In many details, the first edition of the cycle, which appeared in 1824, is unreliable – and this was soon apparent. When Anton Diabelli in 1830, one and a half years after Schubert’s death, acquired the rights of the cycle, he strove to improve the edition. Diabelli asked the famous singer Johann Michael Vogl, who had been a friend of Schubert, to arrange the vocal part in such a way that it would create the most possible resonance with the public. And this he did: he added – albeit sparingly – some embellishments he had sung himself, when Schubert accompanied him. In many places he saw fit to simplify a few things that he would not have expected of domestic music makers. Vogl and Diabelli had great success with this edition, which quickly superseded the original one.
In the course of the incipient Schubert researches of the second half of the 19th century the original edition was compared with Diabelli’s, and the “Fälschungen” (falsifications) were soon condemned (Max Friedlaender). Unquestionably, it is fair to say that Vogl’s “simplifications” are in fact inadmissible changes. But what about the embellishments?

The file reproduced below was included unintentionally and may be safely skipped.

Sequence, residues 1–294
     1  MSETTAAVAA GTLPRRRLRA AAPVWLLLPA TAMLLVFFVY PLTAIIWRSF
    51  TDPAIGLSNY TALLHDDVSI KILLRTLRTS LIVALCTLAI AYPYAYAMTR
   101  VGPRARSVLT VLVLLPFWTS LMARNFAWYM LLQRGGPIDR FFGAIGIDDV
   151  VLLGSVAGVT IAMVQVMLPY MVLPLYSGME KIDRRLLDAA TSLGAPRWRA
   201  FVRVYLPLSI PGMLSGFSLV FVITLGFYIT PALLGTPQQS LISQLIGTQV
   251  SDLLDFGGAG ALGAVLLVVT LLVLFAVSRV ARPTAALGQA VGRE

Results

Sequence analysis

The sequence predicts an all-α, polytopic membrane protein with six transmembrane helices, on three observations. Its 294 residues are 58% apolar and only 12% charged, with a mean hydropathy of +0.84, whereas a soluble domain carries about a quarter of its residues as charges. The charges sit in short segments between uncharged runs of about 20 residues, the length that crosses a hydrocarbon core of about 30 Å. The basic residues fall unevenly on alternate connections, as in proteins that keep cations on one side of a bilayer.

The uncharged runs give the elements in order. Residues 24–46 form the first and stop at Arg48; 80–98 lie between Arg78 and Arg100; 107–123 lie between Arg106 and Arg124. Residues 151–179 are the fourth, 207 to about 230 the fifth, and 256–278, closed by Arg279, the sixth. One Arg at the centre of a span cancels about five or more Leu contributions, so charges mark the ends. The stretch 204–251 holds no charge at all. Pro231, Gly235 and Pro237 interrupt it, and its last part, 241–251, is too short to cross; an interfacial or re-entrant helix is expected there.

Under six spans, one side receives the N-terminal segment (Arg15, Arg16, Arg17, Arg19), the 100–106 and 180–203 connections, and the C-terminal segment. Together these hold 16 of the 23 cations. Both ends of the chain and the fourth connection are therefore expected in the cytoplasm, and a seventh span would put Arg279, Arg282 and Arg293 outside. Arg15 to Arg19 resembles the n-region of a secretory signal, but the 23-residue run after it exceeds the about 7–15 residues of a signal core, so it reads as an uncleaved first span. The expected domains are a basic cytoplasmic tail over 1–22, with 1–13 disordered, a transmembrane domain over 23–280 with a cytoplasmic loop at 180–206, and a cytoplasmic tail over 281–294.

Vogl’s embellishments for Die schöne Müllerin had a decidedly chamber-music character. Had he performed the whole cycle as a dramatic song cycle in the concert hall, this would undoubtedly have changed. But this shows us something essential: embellishments belong to the realm of performance, not of composition; each singer should invent them anew in keeping with the occasion of a performance. They do not belong in a printed edition, as they bind the singer; when printed they in fact become “falsifications”. That said, a performance practice that aims to be “historic” should not renounce embellishments either. The embellishments that Christoph Prégardien sings here take as their point of departure the type of embellishments preserved in Diabelli’s print (and in a few manuscripts), but where the singer introduces them and how he shapes them in each case is up to his own invention.